To these ends, Curtin assembles an enormous data base of relevant information about the life and times of Kate. She travels to the places in Paris and beyond where Kate lived to set the contemporary context in which Kate lived her life. She recreates the circumstances of Kate’s living quarters in Paris – not flash. She researches the cost of living in Paris at different times – cheap early on but expensive later. She explores what impact Kate had, as an artist, on France – not great. She descends into the personal and asks about Kate’s love life – and does her best to answer the question.

The whole thing is entrancing. The life led by a woman, not from Paris, in Paris, during the first half of the 20th century. Curtin conveys a sense of the times, in Paris, and in Perth – which is interspersed in the story – both before the Great War, between the wars, and after the second war, especially in the art world. The two could not have been more different. But fortunately for Kate, and indeed for many local Western Australian artists, Perth had at least one great art patron back then,Sir Claude Hotchin.

Kate plainly had little interest in living in Perth, but her supportive siblings and their families did. And so did Hotchin. Ultimately, late in her life, Kate – who had been up until then a European from the Antipodes who had learnt to paint in an impressionist way, and had no real time for the Antipodes – returned to Perth to live out her life as an artist. And she stuck to her life’s mission to the end.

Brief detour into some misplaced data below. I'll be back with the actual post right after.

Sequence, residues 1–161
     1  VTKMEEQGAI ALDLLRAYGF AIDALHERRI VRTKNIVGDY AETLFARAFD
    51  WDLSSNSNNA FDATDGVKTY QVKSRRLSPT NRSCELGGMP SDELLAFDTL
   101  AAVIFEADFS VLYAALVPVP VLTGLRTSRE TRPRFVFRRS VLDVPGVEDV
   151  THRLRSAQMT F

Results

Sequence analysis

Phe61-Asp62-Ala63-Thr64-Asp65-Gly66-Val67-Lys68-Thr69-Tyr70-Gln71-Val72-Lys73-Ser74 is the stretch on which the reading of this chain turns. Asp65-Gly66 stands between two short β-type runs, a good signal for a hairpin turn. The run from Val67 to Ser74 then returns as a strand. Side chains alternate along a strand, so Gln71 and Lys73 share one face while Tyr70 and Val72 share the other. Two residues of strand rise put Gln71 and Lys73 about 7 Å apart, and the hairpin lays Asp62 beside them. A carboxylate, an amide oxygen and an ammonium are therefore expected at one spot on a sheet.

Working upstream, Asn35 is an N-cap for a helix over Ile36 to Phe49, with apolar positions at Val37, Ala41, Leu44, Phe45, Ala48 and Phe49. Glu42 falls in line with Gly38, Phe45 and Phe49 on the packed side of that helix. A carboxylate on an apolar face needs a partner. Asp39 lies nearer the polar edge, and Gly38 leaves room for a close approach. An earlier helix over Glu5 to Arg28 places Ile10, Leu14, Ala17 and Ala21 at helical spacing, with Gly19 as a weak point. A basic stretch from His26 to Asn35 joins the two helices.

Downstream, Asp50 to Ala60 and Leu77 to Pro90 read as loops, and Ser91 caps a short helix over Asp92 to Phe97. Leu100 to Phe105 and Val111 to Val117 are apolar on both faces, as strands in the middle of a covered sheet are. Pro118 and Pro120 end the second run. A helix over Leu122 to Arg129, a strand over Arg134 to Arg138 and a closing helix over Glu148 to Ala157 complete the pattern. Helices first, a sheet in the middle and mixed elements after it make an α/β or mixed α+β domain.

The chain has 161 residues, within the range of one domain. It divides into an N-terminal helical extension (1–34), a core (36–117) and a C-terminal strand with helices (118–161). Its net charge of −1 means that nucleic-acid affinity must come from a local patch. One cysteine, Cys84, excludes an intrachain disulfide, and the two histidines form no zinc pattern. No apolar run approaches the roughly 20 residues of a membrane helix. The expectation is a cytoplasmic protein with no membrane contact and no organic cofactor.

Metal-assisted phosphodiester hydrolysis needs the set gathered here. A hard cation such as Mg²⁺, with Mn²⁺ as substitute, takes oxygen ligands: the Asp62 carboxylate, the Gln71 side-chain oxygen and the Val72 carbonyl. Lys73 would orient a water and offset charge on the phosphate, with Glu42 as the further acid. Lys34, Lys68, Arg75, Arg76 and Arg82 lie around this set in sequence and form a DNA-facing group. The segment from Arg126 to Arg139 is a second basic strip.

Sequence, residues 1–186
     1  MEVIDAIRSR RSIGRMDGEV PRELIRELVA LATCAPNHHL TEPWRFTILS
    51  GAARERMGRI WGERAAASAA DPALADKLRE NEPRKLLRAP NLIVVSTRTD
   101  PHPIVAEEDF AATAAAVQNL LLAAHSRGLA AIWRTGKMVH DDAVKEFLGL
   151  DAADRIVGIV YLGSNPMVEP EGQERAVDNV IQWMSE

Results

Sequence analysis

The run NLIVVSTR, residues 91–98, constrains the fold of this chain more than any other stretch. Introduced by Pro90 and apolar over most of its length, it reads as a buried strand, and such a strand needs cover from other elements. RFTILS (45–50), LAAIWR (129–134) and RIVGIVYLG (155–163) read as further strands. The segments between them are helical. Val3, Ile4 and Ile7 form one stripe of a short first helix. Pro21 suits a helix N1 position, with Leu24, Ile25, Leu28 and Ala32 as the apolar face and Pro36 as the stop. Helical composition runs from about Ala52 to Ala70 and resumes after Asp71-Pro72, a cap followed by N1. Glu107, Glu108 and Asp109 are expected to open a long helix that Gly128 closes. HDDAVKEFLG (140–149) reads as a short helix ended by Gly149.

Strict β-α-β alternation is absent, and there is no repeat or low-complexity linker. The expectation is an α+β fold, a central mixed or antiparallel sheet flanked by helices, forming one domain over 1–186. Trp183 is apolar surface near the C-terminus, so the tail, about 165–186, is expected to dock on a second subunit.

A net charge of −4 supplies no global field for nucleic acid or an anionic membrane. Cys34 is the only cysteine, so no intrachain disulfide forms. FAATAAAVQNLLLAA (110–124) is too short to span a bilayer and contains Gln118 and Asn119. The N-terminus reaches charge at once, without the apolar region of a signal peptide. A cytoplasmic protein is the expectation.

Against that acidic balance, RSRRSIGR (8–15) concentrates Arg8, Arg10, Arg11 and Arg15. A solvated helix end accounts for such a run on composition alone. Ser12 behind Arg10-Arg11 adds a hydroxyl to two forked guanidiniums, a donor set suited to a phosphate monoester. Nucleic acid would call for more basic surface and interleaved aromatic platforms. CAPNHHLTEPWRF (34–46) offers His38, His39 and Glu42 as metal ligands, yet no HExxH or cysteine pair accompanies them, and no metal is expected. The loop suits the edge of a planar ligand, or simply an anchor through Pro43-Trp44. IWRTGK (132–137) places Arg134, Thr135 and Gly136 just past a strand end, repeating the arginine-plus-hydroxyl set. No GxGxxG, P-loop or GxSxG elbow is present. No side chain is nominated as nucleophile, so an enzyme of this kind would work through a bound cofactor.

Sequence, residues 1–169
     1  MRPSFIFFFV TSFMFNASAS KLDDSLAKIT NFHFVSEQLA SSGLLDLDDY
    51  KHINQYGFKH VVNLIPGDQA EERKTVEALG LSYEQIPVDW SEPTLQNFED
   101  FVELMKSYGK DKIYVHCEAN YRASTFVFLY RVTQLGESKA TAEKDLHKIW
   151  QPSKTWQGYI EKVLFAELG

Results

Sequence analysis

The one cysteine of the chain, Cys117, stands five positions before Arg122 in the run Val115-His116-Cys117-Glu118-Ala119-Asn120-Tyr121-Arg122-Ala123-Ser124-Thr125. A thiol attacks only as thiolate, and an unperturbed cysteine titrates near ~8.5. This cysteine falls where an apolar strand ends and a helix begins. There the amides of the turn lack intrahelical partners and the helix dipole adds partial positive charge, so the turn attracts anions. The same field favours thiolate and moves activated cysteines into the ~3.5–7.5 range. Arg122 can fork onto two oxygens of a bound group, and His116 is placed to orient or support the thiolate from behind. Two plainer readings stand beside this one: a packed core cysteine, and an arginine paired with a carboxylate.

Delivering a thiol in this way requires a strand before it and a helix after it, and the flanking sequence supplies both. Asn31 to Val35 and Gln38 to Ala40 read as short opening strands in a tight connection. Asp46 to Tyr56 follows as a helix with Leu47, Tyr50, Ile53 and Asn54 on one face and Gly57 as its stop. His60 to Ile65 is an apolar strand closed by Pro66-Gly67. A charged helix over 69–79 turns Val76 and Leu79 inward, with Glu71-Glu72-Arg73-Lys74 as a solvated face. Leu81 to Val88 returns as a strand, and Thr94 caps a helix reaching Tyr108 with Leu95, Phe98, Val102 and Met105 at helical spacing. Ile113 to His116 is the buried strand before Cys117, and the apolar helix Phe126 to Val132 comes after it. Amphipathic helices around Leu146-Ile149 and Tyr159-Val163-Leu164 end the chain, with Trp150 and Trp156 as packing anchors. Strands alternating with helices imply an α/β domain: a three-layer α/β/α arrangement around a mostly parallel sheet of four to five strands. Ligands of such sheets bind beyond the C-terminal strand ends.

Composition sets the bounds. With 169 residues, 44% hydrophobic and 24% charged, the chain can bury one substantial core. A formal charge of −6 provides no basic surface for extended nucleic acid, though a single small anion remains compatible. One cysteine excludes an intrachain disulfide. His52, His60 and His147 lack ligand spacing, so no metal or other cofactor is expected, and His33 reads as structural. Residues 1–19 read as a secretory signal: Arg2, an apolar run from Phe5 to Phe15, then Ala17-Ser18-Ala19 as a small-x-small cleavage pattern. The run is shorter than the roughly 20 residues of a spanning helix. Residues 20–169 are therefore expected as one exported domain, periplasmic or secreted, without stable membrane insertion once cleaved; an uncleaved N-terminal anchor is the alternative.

Quite a remarkable person. As you read this book, you are drawn into a time of possibility in the Western world where all roads seemed to lead to Paris, especially for the creative. It was in the period before the second war, when Paris was what New York became after the second war. And Kate O’Connor loved it.

I suspect we all have, or would like to have, an Aunt Kate or a Great Aunt Kate in our lives or in our family tree, to encourage us to take, at least occasionally, the path less taken. To throw caution to the wind. Once in a while to shock. In 70s parlance, to be Easy Riders, if not Thelma and Louise. As we read Amanda Curtin’s account of one woman’s zest for an artistic life we find ourselves barracking for her, hoping she won’t falter, and will indeed succeed.

In the end, Kate provided in her will for her ashes to be cast into the sea off Fremantle. One imagines her thinking was various. Somewhere near her father, who took his life nearby nearly 65 years earlier. Not wanting to be laid to rest on Australian soil, to which she was never fully attached. And, one suspects, hoping that, like a message in a bottle bobbing along on the high seas, she might find her way back, somehow, for one last time, to Paris.

A good biography, like a good novel, is always challenging, enticing, informing and enriching the reader. It tells us truths about the world around us, about others, but mostly about ourselves. It makes us sit back, when we have finished reading, and reflect on how complex, and how wonderful, life can be, and how fascinating we humans are at best. This book, on all those scales, does not disappoint. It also makes you want to return to Kate O’Connor’s paintings soon and look at them afresh.